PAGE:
Whole Wheat Pita Bread

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I like to think we all have goals.  Big goals; little goals.  Daily goals; life goals.

Cooking goals.

I have this ’cooking bucket list’.  It is, unfortunately, growing faster than I can keep up. I consider the things on this list a little bit more complex than the average food item; thus things like work and making real dinner interfere with spending a whole evening making one thing.

Recently, I found a day. I found a weekend day where I could pick something from that bucket list and tackle it.

Hello, pitas.

This recipe surprised me. It was by no means tricky. It is not even labour intensive. In fact, I was tickled by how little active work was involved…and by how impressive the results were. These are infinitely better than the pocket pita bread we buy at the store. These are like pillows. However, If I am honest with myself I know I will continue to buy the ones at the store…most of the time.

That difference between ‘all the time’ and ‘most of the time’ is good enough for me to feel like I have achieved a goal!

What are your goals?

Ingredients I’ve listed the original recipe with my ‘adaptations’ in brackets

2 ¼ teaspoon instant yeast (we have bread machine yeast)
1 tablespoon honey (or any sugar, really)
1 ¼ cups warm water (between the temperatures of 105F to 115F), divided
1 ½ cups bread flour (we used all-purpose), divided
1 ½ cups whole wheat flour, divided
¼ cup olive oil
1 teaspoon salt
Cornmeal, for sprinkling

Instructions

  1. In a large bowl, combine yeast, sugar and ½ cup water. Stir gently. The temperature of the water is important because it is the optimal temperature for the yeast to ‘do its business’.
  2. Add ¼ cup of bread flour and ¼ whole wheat flour and whisk until smooth.
  3. Cover the bowl with plastic wrap and set aside until doubled. It will appear very bubbly and awesome after about 45 minutes.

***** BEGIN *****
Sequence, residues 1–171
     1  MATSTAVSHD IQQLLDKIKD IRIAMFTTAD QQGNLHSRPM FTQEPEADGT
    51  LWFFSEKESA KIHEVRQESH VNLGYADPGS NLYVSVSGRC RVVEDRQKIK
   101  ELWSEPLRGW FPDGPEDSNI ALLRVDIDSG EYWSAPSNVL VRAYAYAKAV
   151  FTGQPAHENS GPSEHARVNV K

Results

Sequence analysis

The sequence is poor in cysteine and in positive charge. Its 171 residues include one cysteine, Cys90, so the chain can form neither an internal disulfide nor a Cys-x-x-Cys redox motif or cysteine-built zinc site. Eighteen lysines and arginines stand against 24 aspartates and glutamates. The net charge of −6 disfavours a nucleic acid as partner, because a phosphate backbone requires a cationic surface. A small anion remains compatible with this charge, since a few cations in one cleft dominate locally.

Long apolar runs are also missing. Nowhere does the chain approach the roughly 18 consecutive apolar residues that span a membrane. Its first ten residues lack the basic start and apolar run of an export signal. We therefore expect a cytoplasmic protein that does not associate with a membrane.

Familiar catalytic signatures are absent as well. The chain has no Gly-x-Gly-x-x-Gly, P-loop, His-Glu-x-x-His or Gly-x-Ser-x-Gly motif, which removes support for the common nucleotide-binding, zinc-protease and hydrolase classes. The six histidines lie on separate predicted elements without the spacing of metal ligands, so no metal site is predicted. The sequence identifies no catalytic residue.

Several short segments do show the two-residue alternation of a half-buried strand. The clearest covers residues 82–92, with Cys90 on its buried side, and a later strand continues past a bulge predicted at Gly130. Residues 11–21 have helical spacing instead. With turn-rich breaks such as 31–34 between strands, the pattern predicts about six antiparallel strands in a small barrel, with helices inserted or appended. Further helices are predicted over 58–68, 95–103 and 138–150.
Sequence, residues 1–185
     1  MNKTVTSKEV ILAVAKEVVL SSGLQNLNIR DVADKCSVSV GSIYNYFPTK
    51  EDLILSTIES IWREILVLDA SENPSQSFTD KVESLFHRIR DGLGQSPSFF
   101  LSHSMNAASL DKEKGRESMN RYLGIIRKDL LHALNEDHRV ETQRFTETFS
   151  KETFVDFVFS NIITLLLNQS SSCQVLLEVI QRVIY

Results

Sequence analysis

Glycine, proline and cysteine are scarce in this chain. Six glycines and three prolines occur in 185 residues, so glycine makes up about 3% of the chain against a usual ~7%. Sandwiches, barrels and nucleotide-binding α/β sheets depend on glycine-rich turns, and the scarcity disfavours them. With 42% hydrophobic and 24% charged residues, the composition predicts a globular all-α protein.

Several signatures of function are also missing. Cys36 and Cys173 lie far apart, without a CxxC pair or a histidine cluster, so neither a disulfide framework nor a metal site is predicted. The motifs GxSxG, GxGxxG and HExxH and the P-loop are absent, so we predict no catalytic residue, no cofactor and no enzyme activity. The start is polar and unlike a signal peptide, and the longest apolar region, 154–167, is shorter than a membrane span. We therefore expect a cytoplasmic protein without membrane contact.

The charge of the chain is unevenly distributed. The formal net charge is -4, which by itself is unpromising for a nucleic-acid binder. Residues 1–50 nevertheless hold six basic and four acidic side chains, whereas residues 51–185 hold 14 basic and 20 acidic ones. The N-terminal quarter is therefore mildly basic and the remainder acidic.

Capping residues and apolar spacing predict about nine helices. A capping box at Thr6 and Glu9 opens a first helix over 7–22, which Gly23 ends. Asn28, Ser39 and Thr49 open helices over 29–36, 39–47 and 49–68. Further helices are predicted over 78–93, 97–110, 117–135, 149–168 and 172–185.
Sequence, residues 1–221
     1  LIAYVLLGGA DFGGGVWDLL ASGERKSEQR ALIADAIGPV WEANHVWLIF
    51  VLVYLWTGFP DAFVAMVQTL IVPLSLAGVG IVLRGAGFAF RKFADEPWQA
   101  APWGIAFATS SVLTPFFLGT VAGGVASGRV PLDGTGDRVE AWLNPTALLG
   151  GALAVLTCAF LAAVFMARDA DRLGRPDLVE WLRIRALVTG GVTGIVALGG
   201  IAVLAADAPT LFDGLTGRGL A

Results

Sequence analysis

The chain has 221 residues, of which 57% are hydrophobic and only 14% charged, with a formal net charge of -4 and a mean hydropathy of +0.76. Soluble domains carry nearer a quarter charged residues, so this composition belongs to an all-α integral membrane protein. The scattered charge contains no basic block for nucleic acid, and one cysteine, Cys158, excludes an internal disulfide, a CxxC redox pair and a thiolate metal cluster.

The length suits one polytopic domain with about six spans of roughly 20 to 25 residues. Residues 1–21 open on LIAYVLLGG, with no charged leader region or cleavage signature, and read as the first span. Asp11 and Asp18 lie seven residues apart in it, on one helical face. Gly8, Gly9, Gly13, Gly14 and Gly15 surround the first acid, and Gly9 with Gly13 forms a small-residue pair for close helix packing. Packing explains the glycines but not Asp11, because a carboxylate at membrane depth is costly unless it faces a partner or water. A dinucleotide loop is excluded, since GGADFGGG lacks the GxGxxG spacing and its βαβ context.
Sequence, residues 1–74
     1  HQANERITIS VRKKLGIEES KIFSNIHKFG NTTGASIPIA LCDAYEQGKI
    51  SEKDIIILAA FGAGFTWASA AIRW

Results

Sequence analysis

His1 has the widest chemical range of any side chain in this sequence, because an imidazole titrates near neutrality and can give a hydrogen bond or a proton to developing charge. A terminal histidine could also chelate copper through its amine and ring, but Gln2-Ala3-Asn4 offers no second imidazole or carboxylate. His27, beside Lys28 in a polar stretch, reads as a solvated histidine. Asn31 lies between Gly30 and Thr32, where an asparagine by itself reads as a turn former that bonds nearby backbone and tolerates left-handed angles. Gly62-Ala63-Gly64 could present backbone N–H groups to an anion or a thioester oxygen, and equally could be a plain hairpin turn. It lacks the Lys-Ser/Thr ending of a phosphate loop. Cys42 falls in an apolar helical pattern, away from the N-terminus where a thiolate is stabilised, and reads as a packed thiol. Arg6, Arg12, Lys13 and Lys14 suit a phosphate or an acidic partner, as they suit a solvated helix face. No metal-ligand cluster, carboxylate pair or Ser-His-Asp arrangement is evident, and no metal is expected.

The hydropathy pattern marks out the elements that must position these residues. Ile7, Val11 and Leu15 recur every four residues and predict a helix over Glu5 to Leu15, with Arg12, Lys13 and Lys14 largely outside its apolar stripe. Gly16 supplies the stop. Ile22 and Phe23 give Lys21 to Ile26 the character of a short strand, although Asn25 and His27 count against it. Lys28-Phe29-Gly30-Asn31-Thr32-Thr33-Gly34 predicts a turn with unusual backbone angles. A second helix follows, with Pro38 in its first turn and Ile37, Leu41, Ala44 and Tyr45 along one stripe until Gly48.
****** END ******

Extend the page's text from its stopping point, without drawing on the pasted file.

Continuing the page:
4. Remove the plastic wrap and add the remaining ¾ cup warm water, 1 ¼ cup bread and 1 ¼ cup whole wheat flour, olive oil, and salt. I used my hands to mix and kneaded for about 8 minutes. If you are lucky enough to have a stand mixer, use the dough hook for about the same amount of time. The dough will be smooth and elastic.  Add more flour as necessary…I probably put another ½ cup or so in.
  5. After kneading, place the dough ball in an oiled bowl, cover and let it rise until doubled (another hour or so)
  6. After the dough has risen, preheat the oven to 500F, and place a baking stone in the oven at the lowest rack. You can use the bottom of a baking sheet if you don’t have a stone, or apparently right on the oven racks.
  7. Time to shape them. I used a kitchen scale to ensure they were all about the same size. I ended up with 8 100g dough balls. Stretch them out (by hand or with a rolling pin) to about a 7 inch diameter.
  8. Place your pita rounds on a surface lightly sprinkled with cornmeal. Cover them loosely with clean towels and let them rise for about 30 minutes. They will appear slightly puffed.
  9. Time to cook. Transfer 3-4 rounds to your baking stone (depending on how large it is). Bake for 2 minutes. The pitas will puff up and turn slightly golden. Flip and bake for 1 minute more. Transfer to a cooling rack. Repeat.
  • A few of ours didn’t puff up. I couldn’t tell you why, but I think it’s because I didn’t let our oven get back to a high enough temperature after opening and closing the door.

Source: Annie’s Eats

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